Washington Nationals manager David Martinez reviews his lineup during a spring training game against the Baltimore Orioles on Monday. Photo: Mark Goldman/Icon Sportswire via Getty Images

Young athletes are the future, but in the strange ecosystem that is sports in 2020, veteran players could be just what the doctor ordered.

The state of play: In the NBA and MLB in particular, rule changes, condensed schedules and the basic need for warm bodies have thrust aging role players into the spotlight.

  • NBA: Jamal Crawford (40), J.R. Smith (34) and Joakim Noah (35) are among the free agents signed in recent weeks to plug holes on rosters affected by COVID-19.
  • MLB: With the universal DH temporarily adopted to protect pitchers, bat-first veterans like Daniel Murphy (35), Howie Kendrick (37) and Hunter Pence (37) will get the opportunity to regularly contribute in the National League without managers having to worry about wear-and-tear or defensive ineptitude.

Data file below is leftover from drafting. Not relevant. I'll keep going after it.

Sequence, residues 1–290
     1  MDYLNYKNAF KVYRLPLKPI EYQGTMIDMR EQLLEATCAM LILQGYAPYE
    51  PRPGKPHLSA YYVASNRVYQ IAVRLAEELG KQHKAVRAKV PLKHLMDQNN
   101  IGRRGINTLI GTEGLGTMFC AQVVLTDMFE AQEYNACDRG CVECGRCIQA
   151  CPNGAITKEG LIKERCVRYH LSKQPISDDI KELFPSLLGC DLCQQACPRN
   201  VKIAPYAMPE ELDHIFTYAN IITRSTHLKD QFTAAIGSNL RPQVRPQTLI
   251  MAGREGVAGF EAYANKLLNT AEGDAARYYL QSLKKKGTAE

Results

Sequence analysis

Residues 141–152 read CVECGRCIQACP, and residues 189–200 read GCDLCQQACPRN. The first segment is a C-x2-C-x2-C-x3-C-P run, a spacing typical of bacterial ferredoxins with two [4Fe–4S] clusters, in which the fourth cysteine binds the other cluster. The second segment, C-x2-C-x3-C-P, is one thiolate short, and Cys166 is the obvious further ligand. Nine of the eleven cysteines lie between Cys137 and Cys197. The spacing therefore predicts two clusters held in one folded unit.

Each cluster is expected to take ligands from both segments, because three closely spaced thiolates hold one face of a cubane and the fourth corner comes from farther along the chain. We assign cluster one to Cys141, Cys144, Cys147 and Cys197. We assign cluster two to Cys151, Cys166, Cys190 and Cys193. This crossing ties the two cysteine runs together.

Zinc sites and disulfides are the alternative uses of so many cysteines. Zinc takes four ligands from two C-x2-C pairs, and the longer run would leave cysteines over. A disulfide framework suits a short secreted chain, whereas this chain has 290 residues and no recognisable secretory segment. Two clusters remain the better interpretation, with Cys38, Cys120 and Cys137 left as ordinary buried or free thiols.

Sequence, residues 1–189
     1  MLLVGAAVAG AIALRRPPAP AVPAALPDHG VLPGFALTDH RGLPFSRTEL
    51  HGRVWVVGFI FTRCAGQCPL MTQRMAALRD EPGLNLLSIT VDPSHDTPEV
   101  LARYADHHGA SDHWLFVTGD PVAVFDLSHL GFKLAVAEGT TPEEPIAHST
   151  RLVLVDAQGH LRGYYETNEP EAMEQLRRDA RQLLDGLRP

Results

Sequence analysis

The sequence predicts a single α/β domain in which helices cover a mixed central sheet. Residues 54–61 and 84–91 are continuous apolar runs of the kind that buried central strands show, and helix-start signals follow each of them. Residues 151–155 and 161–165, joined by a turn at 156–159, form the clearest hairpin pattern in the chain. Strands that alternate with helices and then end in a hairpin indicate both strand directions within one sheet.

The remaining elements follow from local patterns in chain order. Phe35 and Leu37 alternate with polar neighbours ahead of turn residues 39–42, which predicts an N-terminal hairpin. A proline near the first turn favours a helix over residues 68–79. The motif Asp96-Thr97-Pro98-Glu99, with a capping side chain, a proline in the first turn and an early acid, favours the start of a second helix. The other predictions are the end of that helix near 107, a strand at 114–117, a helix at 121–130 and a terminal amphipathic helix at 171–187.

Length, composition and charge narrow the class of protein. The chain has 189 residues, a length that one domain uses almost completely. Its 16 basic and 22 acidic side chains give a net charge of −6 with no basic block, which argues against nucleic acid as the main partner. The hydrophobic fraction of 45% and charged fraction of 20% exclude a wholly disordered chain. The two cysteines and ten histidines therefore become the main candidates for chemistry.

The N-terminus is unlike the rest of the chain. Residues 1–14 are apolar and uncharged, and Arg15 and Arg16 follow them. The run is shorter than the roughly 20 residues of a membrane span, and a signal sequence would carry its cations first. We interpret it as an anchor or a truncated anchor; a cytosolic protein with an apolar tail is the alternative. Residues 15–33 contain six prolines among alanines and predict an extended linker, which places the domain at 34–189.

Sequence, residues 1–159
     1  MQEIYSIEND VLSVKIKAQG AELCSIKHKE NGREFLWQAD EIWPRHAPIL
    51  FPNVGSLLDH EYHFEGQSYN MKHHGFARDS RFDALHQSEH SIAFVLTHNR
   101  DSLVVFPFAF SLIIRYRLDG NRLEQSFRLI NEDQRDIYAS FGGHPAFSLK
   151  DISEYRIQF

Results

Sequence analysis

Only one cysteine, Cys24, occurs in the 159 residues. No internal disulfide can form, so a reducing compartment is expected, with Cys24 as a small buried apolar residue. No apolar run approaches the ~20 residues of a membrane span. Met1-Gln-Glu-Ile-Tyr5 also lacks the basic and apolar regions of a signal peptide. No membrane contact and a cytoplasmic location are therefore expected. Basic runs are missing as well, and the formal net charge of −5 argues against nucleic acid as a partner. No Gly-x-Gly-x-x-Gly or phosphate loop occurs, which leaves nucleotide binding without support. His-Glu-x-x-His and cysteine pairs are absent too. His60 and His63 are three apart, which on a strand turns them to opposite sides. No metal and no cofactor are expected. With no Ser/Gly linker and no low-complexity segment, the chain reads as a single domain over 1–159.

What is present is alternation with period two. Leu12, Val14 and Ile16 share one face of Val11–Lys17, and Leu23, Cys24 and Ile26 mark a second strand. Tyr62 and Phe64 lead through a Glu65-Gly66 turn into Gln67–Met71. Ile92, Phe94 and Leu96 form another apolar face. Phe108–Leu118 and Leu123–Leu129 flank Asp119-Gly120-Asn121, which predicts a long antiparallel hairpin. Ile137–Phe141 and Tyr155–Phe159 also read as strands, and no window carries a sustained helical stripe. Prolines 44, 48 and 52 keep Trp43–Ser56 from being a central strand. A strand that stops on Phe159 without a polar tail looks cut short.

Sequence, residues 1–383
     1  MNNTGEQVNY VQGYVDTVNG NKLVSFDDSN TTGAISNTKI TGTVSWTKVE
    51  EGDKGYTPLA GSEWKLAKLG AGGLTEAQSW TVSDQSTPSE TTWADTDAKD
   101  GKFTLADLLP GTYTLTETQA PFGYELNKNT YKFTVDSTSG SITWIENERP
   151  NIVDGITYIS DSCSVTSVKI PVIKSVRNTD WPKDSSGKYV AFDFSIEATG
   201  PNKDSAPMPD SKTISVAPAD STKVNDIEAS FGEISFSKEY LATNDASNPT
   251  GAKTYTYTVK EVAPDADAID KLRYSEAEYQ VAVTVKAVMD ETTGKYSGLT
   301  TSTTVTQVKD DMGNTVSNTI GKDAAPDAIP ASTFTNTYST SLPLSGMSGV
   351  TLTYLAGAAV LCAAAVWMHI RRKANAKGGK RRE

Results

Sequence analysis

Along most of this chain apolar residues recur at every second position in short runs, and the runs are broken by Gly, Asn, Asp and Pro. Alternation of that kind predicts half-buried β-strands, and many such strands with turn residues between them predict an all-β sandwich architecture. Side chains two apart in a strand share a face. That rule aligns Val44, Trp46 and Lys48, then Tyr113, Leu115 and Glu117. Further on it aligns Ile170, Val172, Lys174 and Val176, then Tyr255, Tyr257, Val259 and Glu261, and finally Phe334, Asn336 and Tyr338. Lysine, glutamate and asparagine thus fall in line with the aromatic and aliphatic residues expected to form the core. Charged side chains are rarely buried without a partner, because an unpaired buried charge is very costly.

The big picture: Much like playoff contenders relying on the experience of their wily vets, teams in 2020 will lean on older players more than ever to provide a sense of calming perspective amid bizarre circumstances.

  • Taking it a step further, the "it's a sprint, not a marathon" reality of this summer's condensed schedule should give older players a chance to contribute physically in ways a full season might not allow.

The bottom line: An over-the-hill role player shifting their team's fate when you least expected it could be a morsel of cheery news during a year of sadness.

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